What you need to know:
- There are two kinds employers. One group will blame their staff, or competitors who hire them.
- They will look for ways to penalise leavers to force them to reconsider their decision to quit.
- While this may seem like a logical way to deal with the challenge, it doesn’t consider the root cause of the problem.
- Employees leave for various reasons such as lack of career growth, bad culture, poor work environment, bad bosses and poor pay.
I work in a role where I am required to wear uniform. My employer supplies us with a pair every year at no additional cost. Recently, he introduced a new policy which requires us to pay for the full cost of uniform should we resign. This has restricted us from looking for new jobs, and also affected our morale. Is the boss justified in introducing this policy?
Employers are at liberty to review their employment policies, so long as the changes do not contravene Employment Laws. The law requires employees in certain roles to wear protective clothing, or uniforms. Some employers provide finished products to their staff, perhaps to ensure consistency in design and quality to protect their brand. Others may provide an allowance and chose a service provider where employees may purchase at approved cost, factoring in taxes to protect staff.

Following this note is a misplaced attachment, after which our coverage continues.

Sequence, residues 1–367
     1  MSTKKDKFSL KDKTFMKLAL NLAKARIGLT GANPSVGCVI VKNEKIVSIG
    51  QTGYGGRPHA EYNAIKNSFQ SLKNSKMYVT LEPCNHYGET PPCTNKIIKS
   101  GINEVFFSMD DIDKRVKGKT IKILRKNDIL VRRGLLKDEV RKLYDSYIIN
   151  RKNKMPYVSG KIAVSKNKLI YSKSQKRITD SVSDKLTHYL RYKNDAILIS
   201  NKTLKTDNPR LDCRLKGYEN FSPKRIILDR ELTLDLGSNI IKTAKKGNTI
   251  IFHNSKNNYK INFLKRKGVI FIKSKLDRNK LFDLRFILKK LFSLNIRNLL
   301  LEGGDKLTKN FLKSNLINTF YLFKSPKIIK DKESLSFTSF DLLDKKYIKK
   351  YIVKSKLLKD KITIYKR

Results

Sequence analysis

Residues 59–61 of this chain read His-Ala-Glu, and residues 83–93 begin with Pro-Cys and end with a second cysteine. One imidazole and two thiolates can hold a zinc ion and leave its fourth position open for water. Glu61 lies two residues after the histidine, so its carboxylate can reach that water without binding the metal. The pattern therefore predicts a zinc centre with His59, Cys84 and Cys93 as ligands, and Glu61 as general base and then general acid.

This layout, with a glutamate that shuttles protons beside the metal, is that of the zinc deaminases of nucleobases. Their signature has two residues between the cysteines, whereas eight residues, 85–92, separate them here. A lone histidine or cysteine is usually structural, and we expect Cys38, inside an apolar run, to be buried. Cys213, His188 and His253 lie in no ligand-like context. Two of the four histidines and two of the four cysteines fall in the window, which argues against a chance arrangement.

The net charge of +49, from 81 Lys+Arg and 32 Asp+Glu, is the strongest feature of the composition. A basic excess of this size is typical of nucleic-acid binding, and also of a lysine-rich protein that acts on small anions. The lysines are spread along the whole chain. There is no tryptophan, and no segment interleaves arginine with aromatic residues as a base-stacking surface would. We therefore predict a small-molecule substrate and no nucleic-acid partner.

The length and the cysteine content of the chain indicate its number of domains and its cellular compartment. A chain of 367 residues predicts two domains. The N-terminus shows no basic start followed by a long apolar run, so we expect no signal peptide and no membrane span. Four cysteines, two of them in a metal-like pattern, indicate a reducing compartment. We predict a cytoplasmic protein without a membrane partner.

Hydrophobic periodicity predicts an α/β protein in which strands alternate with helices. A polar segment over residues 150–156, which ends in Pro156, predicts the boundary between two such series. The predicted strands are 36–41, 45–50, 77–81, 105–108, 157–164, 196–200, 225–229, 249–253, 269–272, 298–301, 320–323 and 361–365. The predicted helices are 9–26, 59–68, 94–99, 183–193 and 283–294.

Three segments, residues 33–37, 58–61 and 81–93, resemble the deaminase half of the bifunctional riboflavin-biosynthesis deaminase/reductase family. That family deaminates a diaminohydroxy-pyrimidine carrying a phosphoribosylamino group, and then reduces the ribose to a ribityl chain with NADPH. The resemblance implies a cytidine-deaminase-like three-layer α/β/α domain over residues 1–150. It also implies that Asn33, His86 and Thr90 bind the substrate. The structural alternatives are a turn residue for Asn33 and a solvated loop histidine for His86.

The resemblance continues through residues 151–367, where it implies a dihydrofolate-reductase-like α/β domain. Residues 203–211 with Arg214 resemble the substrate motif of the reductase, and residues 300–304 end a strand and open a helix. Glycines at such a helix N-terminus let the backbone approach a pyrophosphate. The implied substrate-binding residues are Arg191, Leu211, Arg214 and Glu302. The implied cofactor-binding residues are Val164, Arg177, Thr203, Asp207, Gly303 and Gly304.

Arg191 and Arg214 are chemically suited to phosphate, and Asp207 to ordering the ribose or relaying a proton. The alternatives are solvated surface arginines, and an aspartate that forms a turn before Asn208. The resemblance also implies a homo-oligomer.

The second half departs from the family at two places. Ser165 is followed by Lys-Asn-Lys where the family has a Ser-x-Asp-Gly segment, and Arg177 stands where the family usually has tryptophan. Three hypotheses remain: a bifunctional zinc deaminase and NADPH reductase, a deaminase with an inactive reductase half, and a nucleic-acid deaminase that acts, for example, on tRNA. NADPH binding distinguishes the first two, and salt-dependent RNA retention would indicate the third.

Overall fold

There are, however, challenges that employers have to navigate. Take for example a situation where at the start of the year, sets of new uniforms are provided to all those who need them, only for a sizable number to quit their jobs for what they perceive as greener pastures. The employer has to not only hire new employees, but also provide new uniforms, incurring unexpected costs. Employers face a similar challenge when they invest in upskilling their employees, only for them to quit soon after the training. Faced with such challenges some employers introduce a cost.
There are two kinds employers. One group will blame their staff, or competitors who hire them. They will look for ways to penalise leavers to force them to reconsider their decision to quit. While this may seem like a logical way to deal with the challenge, it doesn’t consider the root cause of the problem. Employees leave for various reasons such as lack of career growth, bad culture, poor work environment, bad bosses and poor pay. Adding surcharge policies without considering the real issues does not solve anything.
The second kind employer takes keen and genuine interest in their employees, creates opportunities for career growth, provides a competitive salary and creates an empowering work environment. Faced with a similar challenge, this employer knows the worth of good employees and will look for every opportunity to make them feel valued. Stay conversations are part of career discussions, policy changes are far from punitive and employee views are treasured. Know your employer, and know when to stay or move.